Coral reefs provide sustenance and income to an estimated half billion people, attract tourists, protect coastlines and are among the most biodiverse ecosystems on our planet. Despite their importance, more than half of the world’s coral reefs are now under stress, primarily due to climate change and related human activities. Stressed corals ‘bleach’, which describes the disruption of the symbiosis between corals and their photosynthetic partners, heavily pigmented microalgae that provide most of the energy to their coral host, writes Uppsala University in a press release .
This causes the coral skeleton to appear white (hence bleached) and leaves the coral in a state of energy shortage until new – perhaps less temperature-sensitive – symbiont cells are taken up from the environment. The temperature sensitivity of a coral thus depends in part on the temperature sensitivity of its symbionts, which has made the investigation of temperature tolerance among coral symbionts an intense research topic.
In a new study published in the ISME Journal (Springer Nature), scientists investigated how different species of coral symbionts react to temperature stress. The difference in temperature tolerance between different coral symbiont species was already known, but there are very few studies of the difference between individual cells within the same species.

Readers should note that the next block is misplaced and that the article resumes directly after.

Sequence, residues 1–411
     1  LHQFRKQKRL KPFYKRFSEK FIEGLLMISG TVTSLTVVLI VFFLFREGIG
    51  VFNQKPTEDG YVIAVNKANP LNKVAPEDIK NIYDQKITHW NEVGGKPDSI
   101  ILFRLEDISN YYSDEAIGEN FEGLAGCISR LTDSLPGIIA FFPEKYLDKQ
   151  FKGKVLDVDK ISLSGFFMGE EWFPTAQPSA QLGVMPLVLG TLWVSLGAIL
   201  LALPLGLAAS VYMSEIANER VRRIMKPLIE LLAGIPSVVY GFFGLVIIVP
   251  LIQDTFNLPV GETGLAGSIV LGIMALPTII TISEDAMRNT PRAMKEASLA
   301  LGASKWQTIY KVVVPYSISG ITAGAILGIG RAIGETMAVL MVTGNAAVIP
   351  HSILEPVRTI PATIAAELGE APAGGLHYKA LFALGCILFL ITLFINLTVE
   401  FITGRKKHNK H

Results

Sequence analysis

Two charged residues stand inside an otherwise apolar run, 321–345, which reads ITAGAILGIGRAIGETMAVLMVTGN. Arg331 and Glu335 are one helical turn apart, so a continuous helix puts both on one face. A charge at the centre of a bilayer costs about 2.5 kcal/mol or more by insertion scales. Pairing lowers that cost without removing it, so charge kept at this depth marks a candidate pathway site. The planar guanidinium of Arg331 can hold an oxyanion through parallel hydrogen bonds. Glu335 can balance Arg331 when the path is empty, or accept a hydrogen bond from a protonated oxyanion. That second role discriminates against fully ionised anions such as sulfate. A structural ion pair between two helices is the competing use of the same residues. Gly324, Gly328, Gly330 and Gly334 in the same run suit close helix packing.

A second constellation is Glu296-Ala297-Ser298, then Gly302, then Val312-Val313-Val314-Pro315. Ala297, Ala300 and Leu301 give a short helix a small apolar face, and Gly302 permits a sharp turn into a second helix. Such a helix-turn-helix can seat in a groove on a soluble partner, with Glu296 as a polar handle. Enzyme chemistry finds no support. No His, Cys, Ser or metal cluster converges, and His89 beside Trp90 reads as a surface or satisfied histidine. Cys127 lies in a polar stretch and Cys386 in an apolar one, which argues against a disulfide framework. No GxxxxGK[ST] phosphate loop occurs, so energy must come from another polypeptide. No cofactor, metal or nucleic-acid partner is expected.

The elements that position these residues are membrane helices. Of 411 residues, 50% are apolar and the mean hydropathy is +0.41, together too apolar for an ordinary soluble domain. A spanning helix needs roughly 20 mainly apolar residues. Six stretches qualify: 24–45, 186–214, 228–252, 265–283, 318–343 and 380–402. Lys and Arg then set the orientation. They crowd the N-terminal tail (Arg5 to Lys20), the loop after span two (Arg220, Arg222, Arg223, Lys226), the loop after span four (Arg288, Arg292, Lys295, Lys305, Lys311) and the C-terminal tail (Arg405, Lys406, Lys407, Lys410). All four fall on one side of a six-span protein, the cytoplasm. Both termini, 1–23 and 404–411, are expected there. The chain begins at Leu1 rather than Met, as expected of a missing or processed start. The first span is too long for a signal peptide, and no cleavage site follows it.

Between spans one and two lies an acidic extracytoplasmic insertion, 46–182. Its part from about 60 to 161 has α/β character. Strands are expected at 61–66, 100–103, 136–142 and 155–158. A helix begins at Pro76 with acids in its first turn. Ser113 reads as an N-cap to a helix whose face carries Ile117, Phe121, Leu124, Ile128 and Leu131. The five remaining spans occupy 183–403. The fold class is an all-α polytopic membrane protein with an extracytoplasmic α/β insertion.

“These differences among cells allowed us to predict the temperature tolerance of a cell before the stress actually occurred,” says Linhong Xiao, first author of the study. “For one thing, this might be handy for coral reef monitoring because it enables us to recognise more heat-tolerant cells in a rapid, minimally-invasive assay. By providing the means to identify and select more temperature-tolerant coral symbionts, the method also holds potential to accelerate ongoing coral reef restoration efforts by ‘experimentally evolving’ temperature-tolerant coral symbionts which could, conceivably, be introduced back to coral host larvae in order to make corals more robust against climate change,” says Xiao.
In contrast to previous studies, this study used a unique miniaturised approach consisting of a microscope and a credit card-sized ‘microchip’ that houses many hundreds of individual coral symbiont cells to assess differences in temperature sensitivity among single cells. Through this unique approach, the researchers were able to determine that individual cells within each species behave quite differently from their sister cells
“We hope our new method can help to predict the thermal tolerance of corals in the field by extracting and measuring symbiont cells from live corals. While we still have a long way to go, our tools might help coral reef monitoring and also increase the speed at which we can create stocks of climate-resilient coral symbionts, a frontier research area,” says Lars Behrendt, who headed the study.
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